Lorraine Hunt Lieberson sings Peter Lieberson's Neruda Songs, on a program with Gustav Mahler's Symphony No. 4, with the Boston Symphony Orchestra, conducted by James Levine. Symphony Hall, Boston, MA. Through November 28, New York, NY. 'With great relief I can report that Ms. Hunt Lieberson performed . . . looking radiant and sounding wonderful. Though she had to pull out of some high-profile events this past year, including the premiere in San Francisco of John Adams's opera Doctor Atomic, she made a point of singing Neruda Songs, a co-commission of the Los Angeles Philharmonic and the Boston Symphony, at its premiere in Los Angeles in May. How could she not? Every phrase of Mr. Lieberson's new work seems to have been crafted with his wife's beautifully earthy voice and keen expressive instincts in mind. . . . . Lieberson's 30-minute score, a setting of five sonnets by the Chilean poet Pablo Neruda, deals with, to paraphrase the composer, different faces of love: the pure appreciation of love; its joy and mystery; the anguish of separation; the volatile back and forth between passion and contentment; the inevitability of parting through death. Perhaps because of the subject matter, Mr. Lieberson's richly chromatic harmonic language, despite arresting swatches of atonality and pungent dissonance, is grounded, almost tonal, and deeply melancholic. Though the colorings are lush, the textures are lucid. Ms. Hunt Lieberson, who speaks Spanish, provided her husband essential advice about setting the Spanish text with idiomatic naturalness. The work evolves in long-spun lines of ruminative lyricism. For the most part, the orchestra alternately cushions, empowers, consoles and agitates the vocal lines. For example, in the first song, as the soloist sings of being alive with love, the orchestra envelops the melodic writing with sultry shimmerings and a wistful tune for a lazy clarinet. For me, the only misstep in this haunting work comes in the first half of the fourth song, when the passion of love is evoked and bossa nova maracas gently rattle in the orchestra. It seems too explicit, too obvious a touch. But the fifth song, on the inevitability of death, provides an overwhelming conclusion, with an aching yet ennobled melodic line and astringent yet beautiful harmonies sustained by tremulous strings and reedy winds. . . . One moment she would send a phrase soaring with plaintive intensity and dusky sound, and the next she would plead with her lover not to leave, sounding pale-toned, breathy and painfully human. When the final song ended in a whisper, she held the spell and did not break character. It seemed like half a minute before the audience intruded upon the silence and began a prolonged standing ovation for the performers and the composer. . . . In the Mahler, Mr. Levine revealed inner details and intricacies you seldom hear, while never hindering the symphony's bucolic spirits and overall shape. In the final movement, the soprano Heidi Grant Murphy, substituting for Dorothea Röschmann, who was ill, brought her angelic voice to Mahler's disarmingly innocent portrait of heavenly life" [Anthony Tommasini, The New York Times, 11/26/05].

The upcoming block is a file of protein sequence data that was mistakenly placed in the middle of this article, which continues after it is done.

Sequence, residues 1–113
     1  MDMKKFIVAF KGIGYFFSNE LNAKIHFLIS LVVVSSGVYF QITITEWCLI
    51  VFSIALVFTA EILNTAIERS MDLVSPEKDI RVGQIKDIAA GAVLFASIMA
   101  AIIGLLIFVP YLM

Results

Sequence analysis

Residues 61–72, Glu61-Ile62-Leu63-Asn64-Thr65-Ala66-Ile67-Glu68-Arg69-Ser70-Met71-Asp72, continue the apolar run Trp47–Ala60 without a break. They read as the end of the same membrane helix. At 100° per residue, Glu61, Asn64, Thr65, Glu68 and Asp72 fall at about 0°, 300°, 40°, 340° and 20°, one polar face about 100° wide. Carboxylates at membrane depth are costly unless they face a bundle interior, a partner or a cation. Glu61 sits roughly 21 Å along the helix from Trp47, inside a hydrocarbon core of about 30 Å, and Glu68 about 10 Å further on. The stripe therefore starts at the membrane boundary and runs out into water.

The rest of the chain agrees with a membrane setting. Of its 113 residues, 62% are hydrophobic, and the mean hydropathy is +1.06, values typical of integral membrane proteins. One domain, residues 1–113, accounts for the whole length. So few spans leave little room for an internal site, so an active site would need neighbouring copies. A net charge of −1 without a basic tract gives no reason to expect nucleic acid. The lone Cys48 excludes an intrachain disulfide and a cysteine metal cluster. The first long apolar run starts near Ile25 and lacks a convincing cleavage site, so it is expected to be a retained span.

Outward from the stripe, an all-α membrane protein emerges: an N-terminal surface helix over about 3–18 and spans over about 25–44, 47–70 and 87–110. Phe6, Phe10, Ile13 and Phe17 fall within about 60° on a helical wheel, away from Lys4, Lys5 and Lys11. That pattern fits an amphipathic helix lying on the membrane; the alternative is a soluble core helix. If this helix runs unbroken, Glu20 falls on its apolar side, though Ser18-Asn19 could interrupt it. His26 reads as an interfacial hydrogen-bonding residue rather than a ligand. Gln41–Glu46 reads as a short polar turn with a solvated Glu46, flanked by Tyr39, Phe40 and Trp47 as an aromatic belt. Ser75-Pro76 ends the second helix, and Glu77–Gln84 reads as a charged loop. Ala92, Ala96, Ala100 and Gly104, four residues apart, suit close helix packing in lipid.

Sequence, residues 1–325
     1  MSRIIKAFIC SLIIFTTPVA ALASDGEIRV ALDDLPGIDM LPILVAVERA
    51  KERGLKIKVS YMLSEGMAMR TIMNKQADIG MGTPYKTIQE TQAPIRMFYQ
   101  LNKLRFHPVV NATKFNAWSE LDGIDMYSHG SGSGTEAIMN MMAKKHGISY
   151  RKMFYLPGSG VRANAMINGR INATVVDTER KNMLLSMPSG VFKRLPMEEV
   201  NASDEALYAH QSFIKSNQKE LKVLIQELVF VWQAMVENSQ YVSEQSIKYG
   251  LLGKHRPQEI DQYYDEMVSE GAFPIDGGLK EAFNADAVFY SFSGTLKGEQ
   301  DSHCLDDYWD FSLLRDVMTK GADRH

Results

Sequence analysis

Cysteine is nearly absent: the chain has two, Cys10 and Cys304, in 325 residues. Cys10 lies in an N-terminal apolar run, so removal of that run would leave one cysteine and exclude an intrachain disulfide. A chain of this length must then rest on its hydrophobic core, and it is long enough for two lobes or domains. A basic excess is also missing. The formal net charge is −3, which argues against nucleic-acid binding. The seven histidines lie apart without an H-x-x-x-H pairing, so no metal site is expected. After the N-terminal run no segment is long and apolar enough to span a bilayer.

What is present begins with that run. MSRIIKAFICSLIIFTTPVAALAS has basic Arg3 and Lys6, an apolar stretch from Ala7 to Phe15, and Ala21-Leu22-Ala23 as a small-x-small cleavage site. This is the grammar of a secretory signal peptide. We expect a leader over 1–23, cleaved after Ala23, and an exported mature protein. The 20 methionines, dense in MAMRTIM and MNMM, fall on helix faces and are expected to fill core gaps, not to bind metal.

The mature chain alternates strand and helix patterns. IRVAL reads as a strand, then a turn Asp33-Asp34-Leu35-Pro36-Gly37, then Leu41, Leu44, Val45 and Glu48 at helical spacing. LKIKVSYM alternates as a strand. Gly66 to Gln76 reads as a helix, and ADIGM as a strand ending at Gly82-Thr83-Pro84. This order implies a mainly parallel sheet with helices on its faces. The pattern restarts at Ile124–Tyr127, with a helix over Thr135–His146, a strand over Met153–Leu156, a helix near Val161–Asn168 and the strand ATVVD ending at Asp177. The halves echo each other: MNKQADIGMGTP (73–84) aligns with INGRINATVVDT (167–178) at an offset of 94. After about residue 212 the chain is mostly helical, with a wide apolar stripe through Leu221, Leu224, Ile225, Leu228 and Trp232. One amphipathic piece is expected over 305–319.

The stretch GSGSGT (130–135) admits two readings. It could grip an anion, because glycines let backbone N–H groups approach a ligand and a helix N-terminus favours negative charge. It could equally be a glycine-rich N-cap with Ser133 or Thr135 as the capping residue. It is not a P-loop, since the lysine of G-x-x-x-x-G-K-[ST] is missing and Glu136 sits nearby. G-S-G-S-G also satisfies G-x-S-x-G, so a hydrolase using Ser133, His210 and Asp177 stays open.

Earl Wild plays his own compositions, three days after his 90th birthday. Carnegie Hall, New York, NY. "Earl Wild [is a] a former staff pianist for NBC television, who composed, arranged and played music for Sid Caesar's Caesar's Hour in the mid-1950's and wrote crowd-pleasing novelty pieces, like Variations on an American Theme ('Doo-Dah'). . . . In certain elitist quarters, Mr. Wild has never been forgiven for his early work in radio and television, his nonintellectual approach to music and his refreshingly nonchalant virtuosity. During his stint on the piano faculty at the Juilliard School in the late 1970's and early 80's, he must have chuckled over some of the fledgling virtuosos who wore the blood-and-sweat effort of playing the piano like a badge of honor. Everything about his technique and music-making is relaxed, free and easy. . . . His discography contains more than 70 recordings, with 35 concertos by, among others, Menotti and Xaver Scharwenka, and the 'Spellbound' Concerto by Miklos Rozsa, best known as a film composer. His recording 20th- and 21st-Century Piano Sonatas, released in 2000, offers meticulous and surprisingly insightful accounts of sonatas by Barber, Stravinsky and Hindemith as well as his own harmonically crunchy Neo-Classical Sonata, composed in that year. Read through Mr. Wild's résumé and you come across unusual facts. He was the first pianist to give a recital on television, on NBC in 1939. In 1960, he conducted Puccini's comedy Gianni Schicchi at the Santa Fe Opera on a double bill with Stravinsky, no less, who conducted his severe one-act opera[-oratorio] Oedipus Rex. Mr. Wild is particularly proud of his 1965 recordings of Rachmaninoff's four piano concertos and the Rhapsody on a Theme of Paganini, with the Royal Philharmonic Orchestra conducted by the dynamic Jascha Horenstein. He had an instantaneous rapport with Horenstein, as he recounted in an interview in New York shortly after his July recital. 'We recorded those five works in five days, one per day,' he said. 'We had a single rehearsal of each piece, then we recorded it, playing it right through. It was a joy.' Mr. Wild has no apologies for making cuts in the Rachmaninoff Third, which he deems too long for its own good. The current penchant for restoring cuts 'gets to be a pain,' he said, adding, 'It's very easy to blab things.' Rachmaninoff, he noted, typically took those cuts when he performed the work. 'You have to remember that if the composer decides to take a cut, he's right,' he said. 'Even if he's wrong, he's right.' Besides, he added, 'a piece should say what it has to say and then get off the stage'" [Anthony Tommasini, 11/27/05].